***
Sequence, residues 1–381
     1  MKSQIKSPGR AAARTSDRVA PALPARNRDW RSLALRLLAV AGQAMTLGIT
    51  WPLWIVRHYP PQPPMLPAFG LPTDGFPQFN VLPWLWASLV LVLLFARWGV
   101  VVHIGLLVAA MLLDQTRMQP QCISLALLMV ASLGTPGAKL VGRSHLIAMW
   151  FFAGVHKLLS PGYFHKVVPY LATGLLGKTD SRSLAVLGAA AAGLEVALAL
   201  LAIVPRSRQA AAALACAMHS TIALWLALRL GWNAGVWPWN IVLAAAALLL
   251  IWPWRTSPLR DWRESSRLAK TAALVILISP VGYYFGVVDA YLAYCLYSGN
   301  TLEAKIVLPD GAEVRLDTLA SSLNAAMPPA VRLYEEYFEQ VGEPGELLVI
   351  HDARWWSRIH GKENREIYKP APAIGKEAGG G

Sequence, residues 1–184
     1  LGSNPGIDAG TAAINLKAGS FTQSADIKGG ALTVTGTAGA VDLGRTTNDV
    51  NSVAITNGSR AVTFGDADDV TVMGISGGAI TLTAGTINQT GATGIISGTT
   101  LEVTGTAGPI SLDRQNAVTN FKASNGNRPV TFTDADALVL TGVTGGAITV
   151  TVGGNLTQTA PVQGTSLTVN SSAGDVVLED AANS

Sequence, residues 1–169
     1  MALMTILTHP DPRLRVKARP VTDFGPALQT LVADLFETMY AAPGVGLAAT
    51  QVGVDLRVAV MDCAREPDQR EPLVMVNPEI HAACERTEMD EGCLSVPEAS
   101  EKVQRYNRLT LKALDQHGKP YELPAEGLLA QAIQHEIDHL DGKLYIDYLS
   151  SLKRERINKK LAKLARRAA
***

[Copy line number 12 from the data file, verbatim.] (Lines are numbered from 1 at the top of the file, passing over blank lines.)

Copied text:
    51  NSVAITNGSR AVTFGDADDV TVMGISGGAI TLTAGTINQT GATGIISGTT